NOTE: It is often misconstrued that frequencies and vibrations are the basis for the CieAura Chip design. To clarify: It has been determined that frequencies and/or vibrations are not the rudimentary cause of brain and body communication. Research has shown that frequencies and vibrations are an energy force that can be measured, and when absorbed by the body, appear to create certain effects. We have found that when the frequencies and vibrations are removed from the body, there remains, what is referred to as, intrinsic energies, which operate as the body’s natural communication force. These “intrinsic energies” are not measurable in the same manner as frequencies and vibrations are measurable, and because of this, we use the body’s natural forces to antidotally determine the existence of these forces. For these reasons, we consider it factually incorrect to describe the results of our technology to be driven by frequencies or vibrations.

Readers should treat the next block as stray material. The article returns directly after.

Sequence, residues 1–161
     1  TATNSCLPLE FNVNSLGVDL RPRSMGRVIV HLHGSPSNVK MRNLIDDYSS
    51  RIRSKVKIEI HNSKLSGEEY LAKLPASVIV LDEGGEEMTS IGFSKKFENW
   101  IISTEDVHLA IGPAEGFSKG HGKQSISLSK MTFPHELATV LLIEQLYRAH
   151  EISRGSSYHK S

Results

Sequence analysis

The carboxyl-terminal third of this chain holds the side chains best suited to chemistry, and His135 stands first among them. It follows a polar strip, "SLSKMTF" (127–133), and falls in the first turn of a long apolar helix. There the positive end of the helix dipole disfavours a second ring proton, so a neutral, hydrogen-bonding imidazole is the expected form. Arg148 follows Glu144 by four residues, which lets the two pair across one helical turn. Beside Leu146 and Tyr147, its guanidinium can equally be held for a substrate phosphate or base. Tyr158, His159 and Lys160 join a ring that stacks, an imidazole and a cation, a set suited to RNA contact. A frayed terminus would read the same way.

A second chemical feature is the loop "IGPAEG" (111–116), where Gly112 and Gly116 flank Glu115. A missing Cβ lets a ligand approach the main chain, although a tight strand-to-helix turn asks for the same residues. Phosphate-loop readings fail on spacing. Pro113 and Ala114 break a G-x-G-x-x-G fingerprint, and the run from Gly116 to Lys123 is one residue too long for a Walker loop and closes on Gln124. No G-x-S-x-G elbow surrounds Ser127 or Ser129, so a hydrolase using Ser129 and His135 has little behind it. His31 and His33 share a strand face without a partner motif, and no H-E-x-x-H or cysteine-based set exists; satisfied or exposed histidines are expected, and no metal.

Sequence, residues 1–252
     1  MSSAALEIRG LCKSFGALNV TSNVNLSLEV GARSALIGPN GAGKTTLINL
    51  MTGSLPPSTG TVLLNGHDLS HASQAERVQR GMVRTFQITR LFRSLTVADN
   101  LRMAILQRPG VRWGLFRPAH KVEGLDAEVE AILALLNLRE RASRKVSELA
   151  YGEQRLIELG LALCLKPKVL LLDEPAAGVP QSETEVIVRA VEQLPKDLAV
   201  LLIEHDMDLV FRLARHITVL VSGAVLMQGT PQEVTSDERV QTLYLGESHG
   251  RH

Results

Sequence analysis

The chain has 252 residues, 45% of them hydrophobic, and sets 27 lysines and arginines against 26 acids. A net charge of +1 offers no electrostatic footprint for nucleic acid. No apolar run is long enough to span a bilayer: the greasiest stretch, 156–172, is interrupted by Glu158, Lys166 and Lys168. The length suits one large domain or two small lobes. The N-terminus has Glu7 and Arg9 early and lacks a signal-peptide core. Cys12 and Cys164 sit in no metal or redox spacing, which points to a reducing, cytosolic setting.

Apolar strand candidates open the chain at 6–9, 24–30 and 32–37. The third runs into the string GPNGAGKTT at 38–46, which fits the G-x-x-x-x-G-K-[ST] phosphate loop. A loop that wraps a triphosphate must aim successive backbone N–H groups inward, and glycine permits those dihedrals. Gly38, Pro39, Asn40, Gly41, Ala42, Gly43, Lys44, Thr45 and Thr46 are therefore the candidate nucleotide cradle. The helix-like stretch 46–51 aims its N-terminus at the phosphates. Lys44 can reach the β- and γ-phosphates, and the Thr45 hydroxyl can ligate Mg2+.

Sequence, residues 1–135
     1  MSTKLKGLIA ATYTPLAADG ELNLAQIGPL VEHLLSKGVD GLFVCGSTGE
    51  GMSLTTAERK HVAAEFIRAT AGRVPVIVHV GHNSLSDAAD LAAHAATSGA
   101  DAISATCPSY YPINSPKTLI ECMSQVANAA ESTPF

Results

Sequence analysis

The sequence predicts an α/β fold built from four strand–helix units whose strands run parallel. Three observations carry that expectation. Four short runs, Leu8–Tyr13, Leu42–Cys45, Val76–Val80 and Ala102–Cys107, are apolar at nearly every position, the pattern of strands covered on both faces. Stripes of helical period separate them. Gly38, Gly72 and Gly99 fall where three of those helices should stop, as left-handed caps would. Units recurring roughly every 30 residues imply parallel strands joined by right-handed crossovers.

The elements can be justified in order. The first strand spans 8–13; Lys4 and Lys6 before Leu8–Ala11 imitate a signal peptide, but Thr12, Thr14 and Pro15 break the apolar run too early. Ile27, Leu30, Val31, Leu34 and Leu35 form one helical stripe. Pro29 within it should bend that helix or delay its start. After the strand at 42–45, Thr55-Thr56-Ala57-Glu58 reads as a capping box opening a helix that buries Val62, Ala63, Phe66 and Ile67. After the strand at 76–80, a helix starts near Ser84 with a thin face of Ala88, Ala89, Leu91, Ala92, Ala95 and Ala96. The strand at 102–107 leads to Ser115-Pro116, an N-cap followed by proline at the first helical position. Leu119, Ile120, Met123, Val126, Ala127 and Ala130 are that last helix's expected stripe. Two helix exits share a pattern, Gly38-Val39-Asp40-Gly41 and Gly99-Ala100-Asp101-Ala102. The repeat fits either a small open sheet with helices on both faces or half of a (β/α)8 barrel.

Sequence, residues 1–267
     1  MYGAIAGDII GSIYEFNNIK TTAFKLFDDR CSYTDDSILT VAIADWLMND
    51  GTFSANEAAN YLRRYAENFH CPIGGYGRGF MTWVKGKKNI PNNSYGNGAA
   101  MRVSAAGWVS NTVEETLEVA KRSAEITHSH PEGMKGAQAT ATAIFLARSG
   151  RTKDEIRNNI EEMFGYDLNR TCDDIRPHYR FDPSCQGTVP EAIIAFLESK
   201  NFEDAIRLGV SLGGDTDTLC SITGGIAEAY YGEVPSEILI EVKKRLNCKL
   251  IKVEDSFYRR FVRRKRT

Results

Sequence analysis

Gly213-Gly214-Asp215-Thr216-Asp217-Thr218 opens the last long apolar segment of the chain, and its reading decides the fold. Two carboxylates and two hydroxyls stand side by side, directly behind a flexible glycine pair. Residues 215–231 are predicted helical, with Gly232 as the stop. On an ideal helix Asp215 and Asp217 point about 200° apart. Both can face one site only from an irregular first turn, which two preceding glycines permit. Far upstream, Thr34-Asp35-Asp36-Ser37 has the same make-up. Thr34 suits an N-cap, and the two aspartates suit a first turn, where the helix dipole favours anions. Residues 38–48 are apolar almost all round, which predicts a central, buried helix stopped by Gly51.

Any further discussion on how the chips work would reveal proprietary production technologies.

So after all Melissa Rogers’ previous huffing and puffing about ‘frequencies’ in her attempted scientific explanations of ShooTag, it appears she’s gone cold on that particular concept. Or maybe ShooTag works on frequencies and CieAura works on not-frequencies. From the above explanation, it’s completely impossible to figure out how it does work, and this paragraph sounds to me like this: